Sunday, October 9th, 2016

A large fight broke out between Jews and Arabs in the Bituach Leumi (Social Security) building in Jerusalem on Shimon ben-Shetach street after news of the terror attack came out.

Police were called in to break up the fight.

Jewish Press News Briefs

Fighting Anti-Israel NGOs And BDS Activists: An Interview with Israeli Justice Minister Ayelet Shaked

Thursday, October 6th, 2016

In just a few years, Justice Minister Ayelet Shaked has shot to political stardom in Israel. A computer engineer turned politician, Shaked, 40, has been a member of Knesset for the Jewish Home party since 2013 and was appointed justice minister by Prime Minister Netanyahu in 2015.

Shaked, a forceful champion of Israel’s rights both at home and abroad, is an outspoken supporter of Jewish settlements and was the driving force behind Israel’s 2016 NGO transparency law.


The Jewish Press: Can you describe your background and what influenced your political views and your decision to join the Jewish Home party?

Shaked: I was right wing since I was a child, after having watched a debate between Yitzhak Shamir and Shimon Peres. I served in the army in the Golani Brigade and that also influenced my ideology, since most of the soldiers were from the Religious Zionist movement.

For a few years I was a Likud member, working with Benjamin Netanyahu after the Gaza Disengagement. I decided to leave the Likud and join the Jewish Home party because I thought that it’s very important to have a party that has secular and Orthodox working together on the basis of Religious Zionist values.

How concerned are you that the UN will try to impose a unilateral solution on Israel?

The UN is a very political and biased organization and I don’t believe in truth coming from it. It’s just a body of political interests. The fact that the UN has failed to deal with Syria while hundreds of thousands of women and children are being slaughtered there proves that it does nothing. The UN tries to hit Israel whenever it can in a very biased approach without even mentioning the ongoing incitement by the Palestinian Authority. Just the other day Mahmoud Abbas paid a condolence call to families of terrorists who tried to kill Jews.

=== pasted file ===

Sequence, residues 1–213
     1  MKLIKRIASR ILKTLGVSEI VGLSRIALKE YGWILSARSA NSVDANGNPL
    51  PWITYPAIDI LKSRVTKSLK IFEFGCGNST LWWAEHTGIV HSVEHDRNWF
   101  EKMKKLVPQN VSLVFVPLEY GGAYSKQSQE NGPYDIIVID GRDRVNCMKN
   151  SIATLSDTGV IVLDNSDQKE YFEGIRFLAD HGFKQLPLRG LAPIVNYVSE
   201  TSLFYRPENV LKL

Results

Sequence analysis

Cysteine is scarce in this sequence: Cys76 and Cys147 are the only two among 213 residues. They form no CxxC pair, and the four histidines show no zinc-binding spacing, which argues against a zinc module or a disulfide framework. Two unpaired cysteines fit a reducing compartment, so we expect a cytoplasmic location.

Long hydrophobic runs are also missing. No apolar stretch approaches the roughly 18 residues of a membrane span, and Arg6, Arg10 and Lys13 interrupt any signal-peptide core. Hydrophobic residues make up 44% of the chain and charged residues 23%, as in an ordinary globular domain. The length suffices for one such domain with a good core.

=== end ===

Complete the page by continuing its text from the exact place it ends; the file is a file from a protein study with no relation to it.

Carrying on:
The UN also ignores the fact that there are terror attacks conducted in the U.S. for the same reason – radical Islam against the West. In dealing with the UN, Israel should stick to its own beliefs.

Establishing a Palestinian state right now is a very dangerous thing. It’s also not realistic at all. The majority of the people in Israel, including those from the left and center, don’t think we have a partner right now. So Ban Ki-moon can talk, but it’s just wishful thinking. In reality we will do what we think is good for us.

How would you advise America to combat the scourge of Islamist terrorism that both America and Israel face?

You just need to face reality. In Europe they are already facing reality and identifying it as radical Islamic terrorism. We are not at war with Islam. In Israel, 20 percent of the population is Muslim. And we have a very good relationship with them. But we need to distinguish between Islam and radical Islamic terror, which threatens the Western world.

This is actually a war between two civilizations; between the Western world and radical Islamic terror. It’s in the U.S., in Europe, in Israel; it’s all over the Middle East. And radical Islam is mainly aimed at hurting other Muslims. There are hundreds of thousands of Muslims all over the Middle East who have been slaughtered because of this extreme ideology. We need to face this reality.

What is your position on Israel’s claim to Judea and Samaria?

After the Oslo Accords, Judea and Samaria were assigned to areas A, B, and C. Areas A and B are under the Palestinian Authority and area C is under Israeli authority. If you ask me what will be in the end, how will we finish the conflict, I believe we should annex area C. There are 425,000 Jews and 90,000 Arabs who are living there. The Arabs should be full citizens of Israel and get all the according rights. Areas A and B should be a strong autonomy or in conjunction with Jordan.

Under international law, those territories are not occupied territories; they are territories under dispute. There is a lot of land in area C that belongs to the state and we should expand building on those lands. There’s nothing we need to apologize for. It’s legally state land and we should continue to build there.

You initiated and then advanced Israel’s NGO bill through the Knesset. What do you hope it will achieve in terms of deterring agitators from working within Israel?

It’s a transparency bill. In Israel, there are a few NGOs that get the majority of their money from abroad from different countries. Those countries actually try to interfere in a diplomatic way in Israeli policy and are trying to do it through NGOs.

We are not forbidding that, but we want the public to be aware of it. That’s why we passed a transparency bill that any NGO that gets more than 50 percent of its budget from a foreign country should declare it when approaching a Knesset member and in their official publications.